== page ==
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I have a problem when viewing material recorded from the TV onto the SD card. During playback, the image is in a very small box in the middle of the screen. Is there any way to enlarge the playback picture so that it fills the entire screen?

In the manual it mentions something about Normal size and 2X size, however I cannot find this setting to adjust it. When I press the Menu button during playback there appears to be an option for setting picture attributes, but it is greyed out and unselectable.

Check the following first:

1. Use "Extra Fine" for quality recording

2. Ensure tuner is set to digital channels

Try the following steps:

1. Press SD CARD button on remote

2. Select MPEG VIEW on screen

3. Press MENU button on remote

4. Select VIEWING SETUP on screen

5. Select FRAME SIZE on screen

Important: you must select "large" frame size BEFORE recording, only then the video will appear full screen during playback. You cannot enlarge a prerecorded video that used "normal" (small) frame size.

Enjoy :blink:

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Can a SD card be used to record a TV program straight out of the box, or does it need to be formatted first?

Most SD cards are factory formatted with FAT16 file system (most cameras use FAT16) so you can use it straight out of the box. The TV can also format your card.

Also, if I get a SD card with a USB plug attached, can I copy say a TV program direct to my computer, and could I copy photos from my computer to the card so as to display them on the TV?

Yes, you can play the TV programme directly on your PC if you have an SD card reader. You can copy photos from your PC to the card and display them on TV.

When importing photos from PC, it's important to observe the notes on page 40 of the manual, especially regarding the folder structure.

The SD card feature is convenient, I use my TV as a digital photo frame when friends or family visit, they love it.

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You can copy photos from your PC to the card and display them on TV.

Thanks for the info webmal.

Just to clarify, I presumed a card reader could only 'read' info already on a SD card. Can you confirm that if I connect a card reader to my computer via USB, I can not only read, but also write data from my computer to the card?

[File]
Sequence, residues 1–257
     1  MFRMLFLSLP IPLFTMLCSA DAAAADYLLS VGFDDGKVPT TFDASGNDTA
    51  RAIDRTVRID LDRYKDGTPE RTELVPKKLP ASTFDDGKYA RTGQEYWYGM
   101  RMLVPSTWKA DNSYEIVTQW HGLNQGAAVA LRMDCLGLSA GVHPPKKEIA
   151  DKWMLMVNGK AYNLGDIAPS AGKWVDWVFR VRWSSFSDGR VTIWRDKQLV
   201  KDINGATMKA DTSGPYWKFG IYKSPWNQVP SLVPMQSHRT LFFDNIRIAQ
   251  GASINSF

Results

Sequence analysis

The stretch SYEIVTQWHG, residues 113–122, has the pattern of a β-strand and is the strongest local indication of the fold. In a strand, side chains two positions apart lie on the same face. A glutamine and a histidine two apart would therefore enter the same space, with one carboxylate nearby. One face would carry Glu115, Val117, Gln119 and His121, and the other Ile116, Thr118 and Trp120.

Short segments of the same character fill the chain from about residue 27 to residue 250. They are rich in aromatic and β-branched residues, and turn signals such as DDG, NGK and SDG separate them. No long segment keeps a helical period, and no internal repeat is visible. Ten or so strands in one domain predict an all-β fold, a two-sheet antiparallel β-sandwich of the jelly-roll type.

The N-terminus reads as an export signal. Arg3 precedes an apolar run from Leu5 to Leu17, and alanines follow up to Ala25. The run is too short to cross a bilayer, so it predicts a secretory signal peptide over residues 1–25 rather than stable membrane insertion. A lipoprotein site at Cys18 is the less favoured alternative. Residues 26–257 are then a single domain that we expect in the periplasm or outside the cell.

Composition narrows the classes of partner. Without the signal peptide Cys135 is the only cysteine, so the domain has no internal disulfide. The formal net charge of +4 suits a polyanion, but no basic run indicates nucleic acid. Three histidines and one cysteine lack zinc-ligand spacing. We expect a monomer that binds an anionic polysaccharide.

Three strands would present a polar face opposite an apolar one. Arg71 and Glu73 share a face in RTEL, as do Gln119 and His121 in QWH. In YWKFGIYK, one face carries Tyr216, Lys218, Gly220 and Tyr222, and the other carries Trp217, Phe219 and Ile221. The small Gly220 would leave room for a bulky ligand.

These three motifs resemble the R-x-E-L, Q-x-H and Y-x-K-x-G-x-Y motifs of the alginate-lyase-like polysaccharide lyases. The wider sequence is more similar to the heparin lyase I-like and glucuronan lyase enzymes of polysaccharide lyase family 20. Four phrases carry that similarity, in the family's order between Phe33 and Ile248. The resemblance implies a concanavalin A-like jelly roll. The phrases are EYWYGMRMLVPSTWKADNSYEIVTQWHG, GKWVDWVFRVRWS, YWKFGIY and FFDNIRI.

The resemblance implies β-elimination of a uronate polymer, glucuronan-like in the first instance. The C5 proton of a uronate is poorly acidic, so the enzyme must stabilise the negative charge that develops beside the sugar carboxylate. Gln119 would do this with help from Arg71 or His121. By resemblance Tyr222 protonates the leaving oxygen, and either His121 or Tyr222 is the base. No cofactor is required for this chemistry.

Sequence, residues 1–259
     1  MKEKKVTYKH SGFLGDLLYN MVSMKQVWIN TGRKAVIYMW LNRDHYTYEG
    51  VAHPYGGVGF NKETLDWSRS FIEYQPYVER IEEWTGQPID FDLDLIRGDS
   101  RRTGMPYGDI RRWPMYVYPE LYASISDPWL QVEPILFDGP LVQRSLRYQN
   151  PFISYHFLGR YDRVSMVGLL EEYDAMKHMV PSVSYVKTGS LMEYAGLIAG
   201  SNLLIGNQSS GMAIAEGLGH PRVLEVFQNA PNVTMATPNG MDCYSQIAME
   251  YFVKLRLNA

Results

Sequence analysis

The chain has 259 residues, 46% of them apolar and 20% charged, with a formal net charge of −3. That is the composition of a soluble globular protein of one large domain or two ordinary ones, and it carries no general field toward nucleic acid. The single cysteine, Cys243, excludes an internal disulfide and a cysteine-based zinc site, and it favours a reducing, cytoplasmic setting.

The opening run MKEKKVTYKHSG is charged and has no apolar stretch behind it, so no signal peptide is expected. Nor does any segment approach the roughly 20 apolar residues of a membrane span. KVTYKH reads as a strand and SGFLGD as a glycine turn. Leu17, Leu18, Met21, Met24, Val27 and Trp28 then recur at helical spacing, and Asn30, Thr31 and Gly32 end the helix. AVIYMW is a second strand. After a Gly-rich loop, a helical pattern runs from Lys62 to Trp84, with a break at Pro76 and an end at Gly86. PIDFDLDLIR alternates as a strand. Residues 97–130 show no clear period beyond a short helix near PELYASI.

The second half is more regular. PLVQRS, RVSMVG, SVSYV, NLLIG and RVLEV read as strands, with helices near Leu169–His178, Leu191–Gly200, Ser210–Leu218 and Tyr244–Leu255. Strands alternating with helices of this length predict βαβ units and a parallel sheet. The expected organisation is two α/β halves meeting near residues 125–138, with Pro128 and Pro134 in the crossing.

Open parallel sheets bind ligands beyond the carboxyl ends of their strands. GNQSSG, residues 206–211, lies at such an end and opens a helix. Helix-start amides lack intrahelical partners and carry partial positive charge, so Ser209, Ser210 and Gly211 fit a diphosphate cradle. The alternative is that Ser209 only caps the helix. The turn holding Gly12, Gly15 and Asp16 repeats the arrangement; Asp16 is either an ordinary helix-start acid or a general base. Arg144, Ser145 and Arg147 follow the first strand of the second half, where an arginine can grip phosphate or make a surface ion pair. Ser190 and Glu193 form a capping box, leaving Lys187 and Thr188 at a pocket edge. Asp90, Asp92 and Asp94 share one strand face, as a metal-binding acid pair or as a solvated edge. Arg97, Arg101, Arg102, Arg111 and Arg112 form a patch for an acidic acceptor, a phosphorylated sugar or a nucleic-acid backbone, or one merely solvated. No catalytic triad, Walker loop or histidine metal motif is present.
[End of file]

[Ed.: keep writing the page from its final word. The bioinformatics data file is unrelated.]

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Just to clarify, I presumed a card reader could only 'read' info already on a SD card. Can you confirm that if I connect a card reader to my computer via USB, I can not only read, but also write data from my computer to the card?

Although it's commonly known as a 'card reader', it can read and write data on the SD card when the card reader is connected to your PC via USB.

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Check the following first:

1. Use "Extra Fine" for quality recording

2. Ensure tuner is set to digital channels

Try the following steps:

1. Press SD CARD button on remote

2. Select MPEG VIEW on screen

3. Press MENU button on remote

4. Select VIEWING SETUP on screen

5. Select FRAME SIZE on screen

Important: you must select "large" frame size BEFORE recording, only then the video will appear full screen during playback. You cannot enlarge a prerecorded video that used "normal" (small) frame size.

Enjoy :blink:

Thanks Webmal. That worked great. Is that in the manual anywhere?

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On xmas eve:

Was offered 2500 ("a hot price") for the tx32lcd600a at the God Guys Bundaberg when buying a tv for my Dad. Sticker 2699. I asked if he could make things a little more attractive and the salesman told me if I returned with a price on a card he would beat it.

So we walked across the road to Hardly Normal where it was stickered 2350, decided I was sick of walking in the 35 degree heat and didn't return.

Have told my Dad not to worry about going to the God Guys Bundy again. If the original guy had been vaguely competitive (I walked in expecting to pay 2300 without any quibbling) it would of been the most rapid sale in history.....

The same guy told me that Panasonic's ax-100e projector was way out of date when I asked what he could provide it for, and that the current model was the ax-900. I didn't even bother to answer at this point. :blink:

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vidiot, yeah that's my experience generally with the good guys, it's mostly all hype with them, I have never been able to get a good deal on anything with them.

I saw the 600a in Harvey Norman at Indooripilly today for $2399 with 5 year warranty included, that was reduced by a few hundred since pre-xmas. But I was offered $2200 at both Retravision and JB HiFi before xmas (without extended warranty). So I expect you won't have too much trouble getting it for around $2100-2200 now.

I took delivery of the 600a the Friday before xmas and have been watching it with out of the box settings since then, just to get a feel for it. At the moment I have it connected via s-video from my Topfield PVR through my Yamaha amp, so just watching SD TV mostly. With this fairly ordinary setup the PQ is sensational, that's all I need to say about it. I am extremely satisfied with the purchase, no dead or stuck pixels either. A lot of people complain about the blacks on LCD TVs, well each to their own I guess, but the blacks on this TV will do me.